Allergy is an immune reaction of the organism that occurs whenever the individual inhales, ingests or touches an allergen (substance that causes the allergy). Children are more likely to develop any type of allergy than adults, especially food allergies, but in this case, as the digestive system matures, the allergy can be naturally eliminated. Children usually overcome allergies to milk, eggs, and wheat from the age of six, but allergies to peanuts, nuts, fish and seafood usually last a lifetime.
Allergy symptoms in children
Symptoms of allergy in children can be:
- Red and swollen plaques on the body;
- Swollen lips and tongue;
- Difficulty breathing;
- Itchy nose;
- Frequent sneezing;
- Lack of air.
In case of suspected allergy, contact the pediatrician.
Diagnosis of allergy in children
The diagnosis of allergy in children can be made through exposure to the allergenic agent and observation of the symptoms that the child presents. Doctors and parents should carefully watch for any signs of allergy in the child and try to identify what is causing the reaction and then proceed to tests to detect allergies, which can be through blood tests, skin tests (done through the skin ). They can be done at a young age, but it is more reliable after 3 years.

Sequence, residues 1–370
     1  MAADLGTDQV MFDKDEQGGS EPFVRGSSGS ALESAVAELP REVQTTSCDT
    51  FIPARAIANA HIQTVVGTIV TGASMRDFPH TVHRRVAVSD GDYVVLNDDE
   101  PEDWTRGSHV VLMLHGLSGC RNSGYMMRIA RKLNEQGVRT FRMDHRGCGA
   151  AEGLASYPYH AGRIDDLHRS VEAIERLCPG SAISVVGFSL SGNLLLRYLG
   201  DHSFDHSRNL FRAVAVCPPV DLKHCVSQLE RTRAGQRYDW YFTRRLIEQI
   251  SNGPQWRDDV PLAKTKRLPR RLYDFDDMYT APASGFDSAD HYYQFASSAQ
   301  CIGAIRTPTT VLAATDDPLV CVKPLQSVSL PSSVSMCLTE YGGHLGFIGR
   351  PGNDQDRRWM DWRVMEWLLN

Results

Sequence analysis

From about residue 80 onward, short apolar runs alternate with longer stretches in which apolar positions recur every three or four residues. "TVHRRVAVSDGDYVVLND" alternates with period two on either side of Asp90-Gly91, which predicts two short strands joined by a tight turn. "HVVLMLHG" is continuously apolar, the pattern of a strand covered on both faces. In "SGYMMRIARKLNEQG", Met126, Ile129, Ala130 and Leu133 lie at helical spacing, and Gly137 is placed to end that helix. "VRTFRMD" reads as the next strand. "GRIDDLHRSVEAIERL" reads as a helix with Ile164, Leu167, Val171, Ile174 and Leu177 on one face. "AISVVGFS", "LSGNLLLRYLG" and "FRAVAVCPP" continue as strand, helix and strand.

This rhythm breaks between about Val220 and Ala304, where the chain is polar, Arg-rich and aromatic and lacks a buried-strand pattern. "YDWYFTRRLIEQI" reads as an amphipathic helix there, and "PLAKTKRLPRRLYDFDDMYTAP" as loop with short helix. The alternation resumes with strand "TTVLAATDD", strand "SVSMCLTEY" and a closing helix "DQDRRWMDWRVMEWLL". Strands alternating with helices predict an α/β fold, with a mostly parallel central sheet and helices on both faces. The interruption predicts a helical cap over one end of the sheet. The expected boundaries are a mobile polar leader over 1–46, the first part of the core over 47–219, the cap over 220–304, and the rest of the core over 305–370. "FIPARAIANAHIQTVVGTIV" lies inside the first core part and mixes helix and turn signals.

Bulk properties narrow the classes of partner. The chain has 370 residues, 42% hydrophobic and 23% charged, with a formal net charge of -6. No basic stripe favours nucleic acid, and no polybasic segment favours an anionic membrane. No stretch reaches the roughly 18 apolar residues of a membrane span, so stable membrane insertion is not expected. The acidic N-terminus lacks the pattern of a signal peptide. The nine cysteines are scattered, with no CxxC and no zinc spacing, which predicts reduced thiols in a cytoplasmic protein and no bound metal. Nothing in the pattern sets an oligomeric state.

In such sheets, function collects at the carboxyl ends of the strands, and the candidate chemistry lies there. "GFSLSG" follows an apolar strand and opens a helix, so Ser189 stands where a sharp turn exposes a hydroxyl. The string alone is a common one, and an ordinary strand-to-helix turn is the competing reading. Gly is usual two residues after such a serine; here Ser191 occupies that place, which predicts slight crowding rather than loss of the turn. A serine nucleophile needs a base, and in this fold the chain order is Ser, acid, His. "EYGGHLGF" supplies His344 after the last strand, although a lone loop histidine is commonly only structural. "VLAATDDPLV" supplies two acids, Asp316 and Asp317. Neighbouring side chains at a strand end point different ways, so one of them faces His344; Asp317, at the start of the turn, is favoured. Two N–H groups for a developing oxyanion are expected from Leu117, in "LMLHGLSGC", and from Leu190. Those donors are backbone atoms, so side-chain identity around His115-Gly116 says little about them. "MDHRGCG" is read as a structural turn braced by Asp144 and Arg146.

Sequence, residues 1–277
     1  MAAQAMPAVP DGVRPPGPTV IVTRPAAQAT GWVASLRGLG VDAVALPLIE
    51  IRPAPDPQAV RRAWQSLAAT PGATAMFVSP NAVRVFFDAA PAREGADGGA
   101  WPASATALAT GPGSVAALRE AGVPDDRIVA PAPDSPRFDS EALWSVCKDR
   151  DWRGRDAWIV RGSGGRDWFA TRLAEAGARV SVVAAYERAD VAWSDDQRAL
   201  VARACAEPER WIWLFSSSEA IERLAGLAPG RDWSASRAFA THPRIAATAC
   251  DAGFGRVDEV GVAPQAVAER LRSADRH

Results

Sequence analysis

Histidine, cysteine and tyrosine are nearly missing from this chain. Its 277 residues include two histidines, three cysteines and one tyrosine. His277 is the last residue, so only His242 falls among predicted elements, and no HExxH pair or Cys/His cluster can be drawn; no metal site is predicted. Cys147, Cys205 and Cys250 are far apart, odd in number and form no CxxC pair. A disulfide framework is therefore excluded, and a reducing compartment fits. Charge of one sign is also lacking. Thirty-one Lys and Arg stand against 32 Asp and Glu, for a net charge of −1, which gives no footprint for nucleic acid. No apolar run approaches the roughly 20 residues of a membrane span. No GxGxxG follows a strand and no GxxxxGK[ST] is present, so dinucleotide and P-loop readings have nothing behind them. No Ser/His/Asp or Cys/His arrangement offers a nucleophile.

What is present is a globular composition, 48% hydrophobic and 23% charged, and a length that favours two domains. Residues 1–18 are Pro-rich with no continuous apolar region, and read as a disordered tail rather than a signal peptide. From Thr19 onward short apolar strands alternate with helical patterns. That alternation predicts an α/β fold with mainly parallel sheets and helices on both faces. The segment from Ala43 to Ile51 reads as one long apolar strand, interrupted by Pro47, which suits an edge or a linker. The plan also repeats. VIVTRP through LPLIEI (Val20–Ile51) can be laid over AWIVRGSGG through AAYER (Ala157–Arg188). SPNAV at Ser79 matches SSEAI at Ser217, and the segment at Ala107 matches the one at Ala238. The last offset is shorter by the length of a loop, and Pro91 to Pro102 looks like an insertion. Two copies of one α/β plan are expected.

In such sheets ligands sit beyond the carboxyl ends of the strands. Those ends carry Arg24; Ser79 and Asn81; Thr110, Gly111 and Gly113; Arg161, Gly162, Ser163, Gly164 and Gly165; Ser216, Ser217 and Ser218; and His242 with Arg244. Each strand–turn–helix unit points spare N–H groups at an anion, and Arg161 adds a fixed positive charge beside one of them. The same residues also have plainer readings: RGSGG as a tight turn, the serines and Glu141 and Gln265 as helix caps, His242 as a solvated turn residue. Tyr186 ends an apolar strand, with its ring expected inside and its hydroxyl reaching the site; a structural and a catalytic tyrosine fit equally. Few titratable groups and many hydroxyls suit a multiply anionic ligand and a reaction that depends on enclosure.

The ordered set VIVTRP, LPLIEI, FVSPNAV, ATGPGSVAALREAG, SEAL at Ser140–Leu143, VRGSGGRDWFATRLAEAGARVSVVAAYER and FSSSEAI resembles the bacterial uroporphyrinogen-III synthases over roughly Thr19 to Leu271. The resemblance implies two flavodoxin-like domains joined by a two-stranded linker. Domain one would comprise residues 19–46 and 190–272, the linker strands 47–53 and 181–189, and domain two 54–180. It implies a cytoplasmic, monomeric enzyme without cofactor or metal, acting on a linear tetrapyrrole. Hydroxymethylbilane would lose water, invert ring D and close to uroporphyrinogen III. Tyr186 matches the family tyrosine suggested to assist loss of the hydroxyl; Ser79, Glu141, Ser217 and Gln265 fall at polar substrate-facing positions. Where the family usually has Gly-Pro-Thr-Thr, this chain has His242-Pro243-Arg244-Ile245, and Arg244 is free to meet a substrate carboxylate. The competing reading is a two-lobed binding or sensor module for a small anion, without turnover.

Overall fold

For example: if the child always wakes up with a lot of eyes (beyond normal) or if his eyes are always red or slightly swollen, it should be noted if the child has any type of allergy to washing powder, fabric softener or to the fabric of the sheets and blankets, for example.
Allergy treatment in children
The treatment for allergy in children consists of avoiding contact with the substance that causes the allergy, and if there is any accidental exposure, the doctor may indicate the ingestion of an antihistamine to relieve the symptoms of the allergy. But if the child has more severe symptoms, such as a very swollen tongue and difficulty in breathing, he should be taken to the doctor promptly.